Sciencebase Q&A (from David Bradley)
UPDATE: We think it is: Nemoptera bipennis
A photographer friend snapped the attached insect. The presence of long
“halteres” suggests it is a member of the diptera family, possibly
related to lacewings…not sure. I am hoping that Daniel will be able to
ID it quickly and give us an excuse to mention his book again 😉
Please let me know as soon as possible
Hi David and Angela,
You are mostly correct. This is a Spoonwing or Threadwing Lacewing, and it may be Nemoptera bipennis, though there is no location provided for the photograph. If the photograph was taken in Europe or Western Asia, the chances are very good it is Nemoptera bipennis. The error is in the insect order. Diptera is an order, not a family. Diptera is the family of Flies, and halteres are the vestigial second pair of wings that are underdeveloped knob-like structures that are believed to serve to stabilize insects in flight. Most true Flies have halteres, and the name Diptera refers to the fact that most Flies only have two pairs of functioning wings. The thread or spoon wings on this Lacewing are tails on the hind wings, not halteres. This Spoonwing belongs to the order Neuroptera, not Diptera. Hope that helps.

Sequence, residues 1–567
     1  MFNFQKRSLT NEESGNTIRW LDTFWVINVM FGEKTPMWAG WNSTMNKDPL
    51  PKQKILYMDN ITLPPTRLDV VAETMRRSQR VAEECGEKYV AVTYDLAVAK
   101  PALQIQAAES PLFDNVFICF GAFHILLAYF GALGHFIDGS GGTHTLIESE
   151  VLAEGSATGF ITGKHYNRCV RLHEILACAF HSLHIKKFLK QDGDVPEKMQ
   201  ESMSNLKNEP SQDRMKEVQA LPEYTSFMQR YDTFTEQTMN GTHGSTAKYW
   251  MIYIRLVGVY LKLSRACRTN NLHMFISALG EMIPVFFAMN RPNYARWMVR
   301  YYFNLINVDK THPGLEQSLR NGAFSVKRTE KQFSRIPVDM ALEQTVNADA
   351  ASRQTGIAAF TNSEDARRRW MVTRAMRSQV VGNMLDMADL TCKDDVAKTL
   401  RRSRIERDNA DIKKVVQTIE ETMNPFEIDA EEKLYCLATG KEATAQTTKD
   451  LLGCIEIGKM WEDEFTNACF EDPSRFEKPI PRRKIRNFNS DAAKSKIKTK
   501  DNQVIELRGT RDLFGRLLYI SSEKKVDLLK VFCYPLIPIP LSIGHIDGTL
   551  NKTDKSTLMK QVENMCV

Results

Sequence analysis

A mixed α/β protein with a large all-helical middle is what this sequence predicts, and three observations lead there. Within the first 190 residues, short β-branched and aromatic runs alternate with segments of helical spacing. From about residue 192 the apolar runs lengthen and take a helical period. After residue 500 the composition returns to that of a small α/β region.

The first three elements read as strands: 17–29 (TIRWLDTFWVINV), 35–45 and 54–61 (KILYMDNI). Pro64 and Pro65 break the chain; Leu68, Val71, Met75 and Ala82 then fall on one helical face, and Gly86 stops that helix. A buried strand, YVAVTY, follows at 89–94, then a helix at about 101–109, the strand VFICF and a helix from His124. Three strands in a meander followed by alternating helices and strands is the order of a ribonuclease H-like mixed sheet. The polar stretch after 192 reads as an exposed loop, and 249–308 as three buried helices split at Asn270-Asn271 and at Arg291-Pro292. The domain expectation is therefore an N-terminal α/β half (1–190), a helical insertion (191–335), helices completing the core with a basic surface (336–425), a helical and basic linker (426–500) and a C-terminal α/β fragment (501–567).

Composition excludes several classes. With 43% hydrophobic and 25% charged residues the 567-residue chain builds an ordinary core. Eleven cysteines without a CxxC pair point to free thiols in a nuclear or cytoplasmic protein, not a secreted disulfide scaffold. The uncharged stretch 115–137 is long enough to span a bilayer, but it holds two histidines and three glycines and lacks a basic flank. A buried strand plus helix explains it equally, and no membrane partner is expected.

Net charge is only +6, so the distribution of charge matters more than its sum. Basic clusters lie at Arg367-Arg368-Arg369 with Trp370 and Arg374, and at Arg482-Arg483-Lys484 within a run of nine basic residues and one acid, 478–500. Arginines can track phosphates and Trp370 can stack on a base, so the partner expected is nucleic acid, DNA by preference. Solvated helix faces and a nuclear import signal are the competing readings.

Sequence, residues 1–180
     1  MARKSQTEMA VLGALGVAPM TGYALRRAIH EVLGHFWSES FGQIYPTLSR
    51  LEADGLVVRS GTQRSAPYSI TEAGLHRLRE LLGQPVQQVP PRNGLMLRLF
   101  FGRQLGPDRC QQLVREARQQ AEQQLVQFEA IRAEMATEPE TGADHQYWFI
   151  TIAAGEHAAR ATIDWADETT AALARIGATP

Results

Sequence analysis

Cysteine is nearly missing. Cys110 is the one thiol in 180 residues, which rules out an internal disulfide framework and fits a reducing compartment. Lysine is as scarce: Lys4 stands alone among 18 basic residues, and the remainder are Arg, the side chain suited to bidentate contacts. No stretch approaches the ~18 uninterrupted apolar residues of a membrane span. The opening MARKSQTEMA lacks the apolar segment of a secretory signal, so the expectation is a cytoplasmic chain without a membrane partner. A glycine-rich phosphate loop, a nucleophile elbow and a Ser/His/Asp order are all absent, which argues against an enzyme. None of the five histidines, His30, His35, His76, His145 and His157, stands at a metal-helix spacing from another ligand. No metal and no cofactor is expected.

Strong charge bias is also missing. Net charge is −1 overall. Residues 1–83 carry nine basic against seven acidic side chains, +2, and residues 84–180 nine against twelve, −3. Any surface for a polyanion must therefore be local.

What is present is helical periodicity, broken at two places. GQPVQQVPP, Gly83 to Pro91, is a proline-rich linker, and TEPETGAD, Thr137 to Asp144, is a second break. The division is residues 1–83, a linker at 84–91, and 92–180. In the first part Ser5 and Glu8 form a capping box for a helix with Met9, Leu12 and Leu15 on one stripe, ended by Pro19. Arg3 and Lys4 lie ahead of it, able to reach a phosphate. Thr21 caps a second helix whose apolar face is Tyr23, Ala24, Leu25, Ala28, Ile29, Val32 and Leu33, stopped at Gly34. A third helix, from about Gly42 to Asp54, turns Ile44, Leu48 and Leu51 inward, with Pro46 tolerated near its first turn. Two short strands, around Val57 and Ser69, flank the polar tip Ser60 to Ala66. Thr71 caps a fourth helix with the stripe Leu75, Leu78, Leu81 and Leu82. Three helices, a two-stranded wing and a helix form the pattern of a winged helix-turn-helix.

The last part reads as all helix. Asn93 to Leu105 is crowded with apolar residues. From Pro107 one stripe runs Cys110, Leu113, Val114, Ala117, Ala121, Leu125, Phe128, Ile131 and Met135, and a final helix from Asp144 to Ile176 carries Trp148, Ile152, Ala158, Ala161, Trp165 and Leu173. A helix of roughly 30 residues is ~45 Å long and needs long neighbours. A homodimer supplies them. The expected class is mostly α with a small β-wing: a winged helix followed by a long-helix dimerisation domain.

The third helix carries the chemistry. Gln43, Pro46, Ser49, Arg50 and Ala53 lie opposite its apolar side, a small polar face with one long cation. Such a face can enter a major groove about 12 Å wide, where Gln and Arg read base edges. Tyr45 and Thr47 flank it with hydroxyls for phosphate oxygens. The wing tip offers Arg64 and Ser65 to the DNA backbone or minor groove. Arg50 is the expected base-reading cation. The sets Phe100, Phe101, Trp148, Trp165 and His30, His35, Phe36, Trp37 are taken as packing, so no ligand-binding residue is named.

We had a doubter.
Someone reckons N coa ranges across Greece (which is where the photo was taken) whereas N bipennis is Iberia/France…
They look almost identical to my eye…
Any further thoughts welcome, although please don’t be obliged to spend time on this.